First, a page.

I set the bar pretty low as far as recovery went to start with, I started with just being happy to wake up in recovery and everything else was an added bonus. I was thrilled with the increase ROM and then with the lack of deep joint pain and sharp bone on bone pain. As I said I still have pains in both and wake up stiff in the mornings. Pains fade as I get to moving and I can walk miles and do any and everything I care to do.
 
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HelenaM

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@golfer67,
I am sorry to hear that you have had a difficult recovery, and I hope you too will find a solution. Although I am not where I had expected and hoped to be at one year, I am encouraged to notice some small improvements from week to week. My family doctor sees many patients with replacements, and thinks my particular situation is still within the norm and may improve, so I am hoping for that. I also feel frustrated since it is a long recovery.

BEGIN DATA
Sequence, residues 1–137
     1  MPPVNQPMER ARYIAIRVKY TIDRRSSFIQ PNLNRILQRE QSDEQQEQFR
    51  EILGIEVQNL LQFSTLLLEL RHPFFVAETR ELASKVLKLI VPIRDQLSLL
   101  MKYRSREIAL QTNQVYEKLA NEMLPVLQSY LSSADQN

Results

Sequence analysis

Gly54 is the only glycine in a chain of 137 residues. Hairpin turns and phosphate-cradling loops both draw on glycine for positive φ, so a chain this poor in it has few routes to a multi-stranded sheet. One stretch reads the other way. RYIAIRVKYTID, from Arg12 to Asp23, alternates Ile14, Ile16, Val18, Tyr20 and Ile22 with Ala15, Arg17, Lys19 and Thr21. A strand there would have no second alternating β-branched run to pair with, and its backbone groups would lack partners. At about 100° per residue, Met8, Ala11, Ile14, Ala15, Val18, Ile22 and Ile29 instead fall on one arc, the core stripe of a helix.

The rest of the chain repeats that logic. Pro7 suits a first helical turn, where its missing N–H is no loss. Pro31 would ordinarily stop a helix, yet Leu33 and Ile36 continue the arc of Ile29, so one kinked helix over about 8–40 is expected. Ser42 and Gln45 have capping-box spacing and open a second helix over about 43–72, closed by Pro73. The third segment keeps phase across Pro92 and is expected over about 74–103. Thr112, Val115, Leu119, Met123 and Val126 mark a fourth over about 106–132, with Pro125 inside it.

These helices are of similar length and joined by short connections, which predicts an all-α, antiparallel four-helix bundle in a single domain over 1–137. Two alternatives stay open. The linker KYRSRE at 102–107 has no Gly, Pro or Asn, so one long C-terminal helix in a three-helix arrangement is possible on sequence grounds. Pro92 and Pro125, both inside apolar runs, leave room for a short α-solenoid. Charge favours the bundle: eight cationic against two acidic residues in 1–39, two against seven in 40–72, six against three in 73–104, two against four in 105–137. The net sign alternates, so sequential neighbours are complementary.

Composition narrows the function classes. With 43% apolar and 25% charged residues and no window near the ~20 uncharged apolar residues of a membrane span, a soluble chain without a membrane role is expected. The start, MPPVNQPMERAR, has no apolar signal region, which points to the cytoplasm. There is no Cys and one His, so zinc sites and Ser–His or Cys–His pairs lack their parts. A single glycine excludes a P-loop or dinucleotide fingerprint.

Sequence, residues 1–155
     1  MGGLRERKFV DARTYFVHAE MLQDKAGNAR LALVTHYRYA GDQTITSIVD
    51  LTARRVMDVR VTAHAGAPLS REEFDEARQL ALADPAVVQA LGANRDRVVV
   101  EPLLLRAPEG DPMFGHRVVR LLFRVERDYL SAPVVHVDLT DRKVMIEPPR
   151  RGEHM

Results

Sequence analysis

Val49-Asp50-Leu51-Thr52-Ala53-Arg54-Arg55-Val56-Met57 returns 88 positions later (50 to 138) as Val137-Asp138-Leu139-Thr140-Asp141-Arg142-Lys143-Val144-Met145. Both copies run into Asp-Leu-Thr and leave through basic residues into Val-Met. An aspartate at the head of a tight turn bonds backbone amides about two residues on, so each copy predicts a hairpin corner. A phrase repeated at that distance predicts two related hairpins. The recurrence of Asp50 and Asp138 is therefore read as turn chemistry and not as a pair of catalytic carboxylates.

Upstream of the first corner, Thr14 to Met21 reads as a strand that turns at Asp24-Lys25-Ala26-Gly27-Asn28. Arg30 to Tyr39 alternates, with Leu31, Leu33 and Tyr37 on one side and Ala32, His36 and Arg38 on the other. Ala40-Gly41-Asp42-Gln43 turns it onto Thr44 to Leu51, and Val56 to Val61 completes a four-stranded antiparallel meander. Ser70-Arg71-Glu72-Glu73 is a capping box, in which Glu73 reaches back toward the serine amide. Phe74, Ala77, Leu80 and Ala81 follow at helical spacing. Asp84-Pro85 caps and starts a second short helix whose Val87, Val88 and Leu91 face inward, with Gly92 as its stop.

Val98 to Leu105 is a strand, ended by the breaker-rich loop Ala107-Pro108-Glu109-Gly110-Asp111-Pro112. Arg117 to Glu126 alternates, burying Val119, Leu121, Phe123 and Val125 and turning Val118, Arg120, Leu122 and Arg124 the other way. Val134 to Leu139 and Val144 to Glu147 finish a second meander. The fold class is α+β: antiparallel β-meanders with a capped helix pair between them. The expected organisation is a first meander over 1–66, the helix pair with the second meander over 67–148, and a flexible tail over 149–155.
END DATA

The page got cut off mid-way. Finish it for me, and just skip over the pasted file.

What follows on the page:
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HelenaM

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@Eman85
Thanks you for your comments. On the positive side, I am able to walk a much greater distance than I was before the surgery, and was able to stop taking Tramadol early on. I wake up feeling almost normal, and feel sore and stiff later, and in my case, the afternoon decline happens regardless of my activity level!
 
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HelenaM

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@pumpkin